Honest Trail Reviews for Hikers with Disabilities: Travel For Good

Serene Nagakiri is a passionate hiker. They also have multiple disabilities and chronic illnesses, and say they have felt excluded from outdoor recreation their entire lives. Often, they note, a path marked as ‘easy’ is impassable for a person with limited mobility – whether they use a wheelchair or have a cognitive impairment that can make navigating the path difficult.

Nagakyrie told KUOW that trail developers seem to overlook how people with disabilities interact with the outdoors.

“Maybe they have their own guidelines and checklists to follow, and they check and think they’re all good. But really, they leave a lot of accessible information and features that need to be included for people to get into this space,” Nagakyrie said.


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So, in 2018, Nagakyrie set out to document natural trails and landmarks that they say are truly accessible to people with a variety of conditions — physical, psychological, developmental, and intellectual.

He founded Nagakyrie Disabled Hikers, a nonprofit organization and guide that reviews dozens of accessible trails across the Pacific Northwest, California, and even parts of the Midwest.

Nagakyrie told KUOW that they have visited and evaluated hundreds of other trails in those areas and are working on adding them all to their online directory.

Nagakyrie’s “Spoon Theory” classification method is used to help hikers determine if a trail is right for them. The “spoon theory” was created by Christine Miserandino, a writer with Lupus who created the term to represent the amount of mental and physical energy a person needs in daily activities. Nagakyrie uses theory in the trail rating system to help hikers understand how much energy they might need to complete the trek.


Caption: Logo for Disabled Hikers, which features three hikers using different types of mobility.

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Trail assessments for disabled hikers include details such as trek length, elevation change, and terrain type, as well as things like how much planning you might need to do to get to the site or whether the trail is wheelchair accessible.

“I need to know the entire length of the driveway: surface, how wide the driveway is, if there are any steep slopes, elevation, grade, cross slope,” said Nagakyrie, referring to their typical list of things to consider. “Will there be any awkward intersections or where I might need to navigate something? Will there be benches along the way?”

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Passage classification system by Syren Nagakyrie / Disabled hikers

Nagakyrie also includes clear directions for access to the trail, amenities available en route, and whether visitors have to navigate the trail breaks. They said this information is rarely found online, but that they and many hikers with disabilities require it to pre-plan their hiking trips.

Washington State Parks spokeswoman Amanda McCarthy said the natural terrain in many of the parks means there aren’t many trails that comply with the Americans with Disabilities Act. In an email to KUOW, McCarthy acknowledged that parks could do better.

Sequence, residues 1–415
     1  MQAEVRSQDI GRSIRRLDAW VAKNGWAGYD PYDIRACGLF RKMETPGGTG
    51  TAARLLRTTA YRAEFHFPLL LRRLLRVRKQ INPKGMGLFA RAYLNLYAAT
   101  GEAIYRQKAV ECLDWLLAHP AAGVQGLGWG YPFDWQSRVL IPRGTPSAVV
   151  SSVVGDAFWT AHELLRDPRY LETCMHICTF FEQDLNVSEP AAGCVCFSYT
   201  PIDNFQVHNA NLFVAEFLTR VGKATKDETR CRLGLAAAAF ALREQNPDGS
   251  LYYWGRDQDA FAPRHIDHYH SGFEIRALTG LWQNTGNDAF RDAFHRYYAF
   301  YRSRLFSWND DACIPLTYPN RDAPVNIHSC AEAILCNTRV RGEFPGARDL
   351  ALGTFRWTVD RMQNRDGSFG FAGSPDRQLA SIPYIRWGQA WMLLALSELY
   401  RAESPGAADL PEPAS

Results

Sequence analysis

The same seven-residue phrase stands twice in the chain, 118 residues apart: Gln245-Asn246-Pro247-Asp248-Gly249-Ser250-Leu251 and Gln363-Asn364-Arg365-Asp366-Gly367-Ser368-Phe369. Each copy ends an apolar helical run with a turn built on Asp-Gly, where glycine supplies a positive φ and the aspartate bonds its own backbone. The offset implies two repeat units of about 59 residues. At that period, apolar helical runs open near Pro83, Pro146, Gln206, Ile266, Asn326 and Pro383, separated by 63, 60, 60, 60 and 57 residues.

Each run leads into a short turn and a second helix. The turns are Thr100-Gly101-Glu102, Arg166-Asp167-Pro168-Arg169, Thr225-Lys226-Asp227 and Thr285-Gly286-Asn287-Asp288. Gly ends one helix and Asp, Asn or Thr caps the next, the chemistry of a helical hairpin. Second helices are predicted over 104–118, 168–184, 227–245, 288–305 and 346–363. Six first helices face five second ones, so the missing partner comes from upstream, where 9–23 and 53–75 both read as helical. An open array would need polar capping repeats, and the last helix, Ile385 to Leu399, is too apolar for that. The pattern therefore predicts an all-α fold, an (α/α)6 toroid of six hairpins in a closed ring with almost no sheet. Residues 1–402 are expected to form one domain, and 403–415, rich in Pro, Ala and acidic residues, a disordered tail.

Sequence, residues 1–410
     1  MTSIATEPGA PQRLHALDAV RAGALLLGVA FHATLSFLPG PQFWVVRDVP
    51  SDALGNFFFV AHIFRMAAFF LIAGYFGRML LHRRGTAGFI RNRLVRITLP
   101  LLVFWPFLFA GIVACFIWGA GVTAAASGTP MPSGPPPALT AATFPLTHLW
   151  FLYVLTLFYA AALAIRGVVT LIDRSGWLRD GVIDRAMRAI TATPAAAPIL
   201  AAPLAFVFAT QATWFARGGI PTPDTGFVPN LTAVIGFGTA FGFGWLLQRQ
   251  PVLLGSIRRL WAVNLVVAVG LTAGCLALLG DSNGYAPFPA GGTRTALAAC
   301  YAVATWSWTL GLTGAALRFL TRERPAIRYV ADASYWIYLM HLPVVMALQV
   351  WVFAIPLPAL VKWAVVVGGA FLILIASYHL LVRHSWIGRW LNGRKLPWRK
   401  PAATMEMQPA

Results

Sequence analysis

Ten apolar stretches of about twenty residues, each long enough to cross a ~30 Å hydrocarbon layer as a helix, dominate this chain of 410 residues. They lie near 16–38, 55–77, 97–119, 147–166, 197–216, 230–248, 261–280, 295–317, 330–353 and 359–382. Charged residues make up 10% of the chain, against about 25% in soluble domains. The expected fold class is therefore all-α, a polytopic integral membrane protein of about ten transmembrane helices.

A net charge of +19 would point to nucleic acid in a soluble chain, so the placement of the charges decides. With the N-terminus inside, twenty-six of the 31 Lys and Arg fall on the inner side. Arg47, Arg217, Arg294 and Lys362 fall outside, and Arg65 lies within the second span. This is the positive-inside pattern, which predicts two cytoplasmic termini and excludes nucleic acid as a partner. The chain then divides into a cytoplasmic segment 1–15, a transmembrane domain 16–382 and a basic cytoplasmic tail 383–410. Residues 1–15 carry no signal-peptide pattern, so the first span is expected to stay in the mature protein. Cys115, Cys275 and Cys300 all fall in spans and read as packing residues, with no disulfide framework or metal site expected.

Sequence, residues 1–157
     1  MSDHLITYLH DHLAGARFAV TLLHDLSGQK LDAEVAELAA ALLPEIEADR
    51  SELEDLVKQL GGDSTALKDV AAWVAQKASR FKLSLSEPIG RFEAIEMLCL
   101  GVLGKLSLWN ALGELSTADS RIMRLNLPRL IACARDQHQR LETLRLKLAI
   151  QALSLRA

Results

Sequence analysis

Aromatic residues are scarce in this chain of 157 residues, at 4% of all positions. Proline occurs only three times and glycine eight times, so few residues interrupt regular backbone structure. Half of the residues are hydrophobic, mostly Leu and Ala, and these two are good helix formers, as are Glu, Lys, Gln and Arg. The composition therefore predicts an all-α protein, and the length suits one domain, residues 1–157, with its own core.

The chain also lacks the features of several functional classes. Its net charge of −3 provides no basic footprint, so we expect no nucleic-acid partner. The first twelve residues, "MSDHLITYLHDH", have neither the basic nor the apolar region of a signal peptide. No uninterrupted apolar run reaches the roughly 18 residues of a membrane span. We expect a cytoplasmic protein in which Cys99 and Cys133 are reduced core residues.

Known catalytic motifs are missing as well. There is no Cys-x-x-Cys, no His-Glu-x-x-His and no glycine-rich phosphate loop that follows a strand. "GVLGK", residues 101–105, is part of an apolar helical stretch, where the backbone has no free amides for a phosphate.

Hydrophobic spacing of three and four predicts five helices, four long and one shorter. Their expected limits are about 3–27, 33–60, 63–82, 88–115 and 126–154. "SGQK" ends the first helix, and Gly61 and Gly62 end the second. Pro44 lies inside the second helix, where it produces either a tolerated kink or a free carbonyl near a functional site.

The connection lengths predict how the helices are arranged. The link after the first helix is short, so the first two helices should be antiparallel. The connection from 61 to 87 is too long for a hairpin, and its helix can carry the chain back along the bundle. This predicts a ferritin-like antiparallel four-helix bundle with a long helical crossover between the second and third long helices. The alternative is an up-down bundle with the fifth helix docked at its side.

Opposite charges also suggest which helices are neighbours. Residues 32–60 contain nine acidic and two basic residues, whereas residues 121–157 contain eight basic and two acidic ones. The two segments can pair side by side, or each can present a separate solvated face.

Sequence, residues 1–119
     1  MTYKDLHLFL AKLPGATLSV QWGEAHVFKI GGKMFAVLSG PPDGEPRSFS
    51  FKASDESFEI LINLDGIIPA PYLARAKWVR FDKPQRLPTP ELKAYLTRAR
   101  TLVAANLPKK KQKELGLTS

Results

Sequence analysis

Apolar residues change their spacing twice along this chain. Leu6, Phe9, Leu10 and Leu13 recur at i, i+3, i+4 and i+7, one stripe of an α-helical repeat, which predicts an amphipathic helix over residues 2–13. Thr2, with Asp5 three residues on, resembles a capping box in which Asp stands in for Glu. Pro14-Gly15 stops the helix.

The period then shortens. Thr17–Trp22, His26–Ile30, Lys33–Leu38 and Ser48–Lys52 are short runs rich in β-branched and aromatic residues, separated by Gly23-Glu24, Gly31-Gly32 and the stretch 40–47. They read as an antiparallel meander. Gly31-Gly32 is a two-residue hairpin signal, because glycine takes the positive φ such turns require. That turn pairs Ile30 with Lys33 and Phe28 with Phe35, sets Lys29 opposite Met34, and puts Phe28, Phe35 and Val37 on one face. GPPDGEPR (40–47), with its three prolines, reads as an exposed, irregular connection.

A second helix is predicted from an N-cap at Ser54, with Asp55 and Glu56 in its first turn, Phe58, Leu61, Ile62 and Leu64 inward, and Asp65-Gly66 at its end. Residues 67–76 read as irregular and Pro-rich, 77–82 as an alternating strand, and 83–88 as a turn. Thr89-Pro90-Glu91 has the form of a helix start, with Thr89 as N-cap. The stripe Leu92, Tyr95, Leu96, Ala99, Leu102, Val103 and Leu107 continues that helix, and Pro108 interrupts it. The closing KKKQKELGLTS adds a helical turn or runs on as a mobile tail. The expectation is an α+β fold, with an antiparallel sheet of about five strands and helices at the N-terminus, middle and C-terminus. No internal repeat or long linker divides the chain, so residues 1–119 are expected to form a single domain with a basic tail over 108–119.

“We are always looking for ways we can improve, and feedback from our visitors is a great starting point,” McCarthy wrote. “We have a long way to go to make our spaces more accessible and we value the feedback we receive.”

Accessibility can vary greatly from location to location, even between lanes that are relatively close to each other. To illustrate the point, KUOW visited a pair of hiking trails on the Olympic Peninsula — one that leads to Ruby Beach on the Pacific Ocean and one in Madison Falls near Port Angeles.


Caption: Easy access to Ruby Beach is blocked by thick piles of washed-up trees and driftwood.

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Ruby Beach is rated “Easy” by multiple trail guides, including AllTrails.com and HikingProject.com, however visitors must navigate a steep dirt path that ends with a pile of driftwood that blocks access to the sand. For someone who uses a wheelchair, there is no simple way to get around the tangle of branches and on the beach. Nagakyrie gives this track a rating of four spoons out of five, making it one of the toughest tracks they rate on the internet.


Caption: The trail to Madison Falls near Port Angeles is paved and includes benches along the way to accommodate hikers of all levels and ability.

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Conversely, the Madison Falls Trail is fully paved, with benches along the way. It ends with an unobstructed view of the falls. Even the railing blocking the path from the descent point to the river is a little lower right in front of the falls, ensuring that someone who is shorter or seated can clearly see the waterfall.


Caption: Madison Falls near Port Angeles

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“The really little details along that path make a big difference,” Nagakiri said.

And they’re what earns the Madison Falls Trail its one spoon rating, letting hikers of all levels and abilities know they can enjoy the view, too.

Hikers looking for all-encompassing group adventures can connect with Nagakyrie or find upcoming events hosted by Disabled Hikers online and on Facebook and Instagram. Nagakyrie will also publish a comprehensive guidebook “The Disabled Hiker Guide to Western Washington and Oregon” in September.

This piece from the eight-part Travel For Good series highlights tourism insights across the state that teach about our fragile wonders and how we can help protect them. Check out more stories from the series here.

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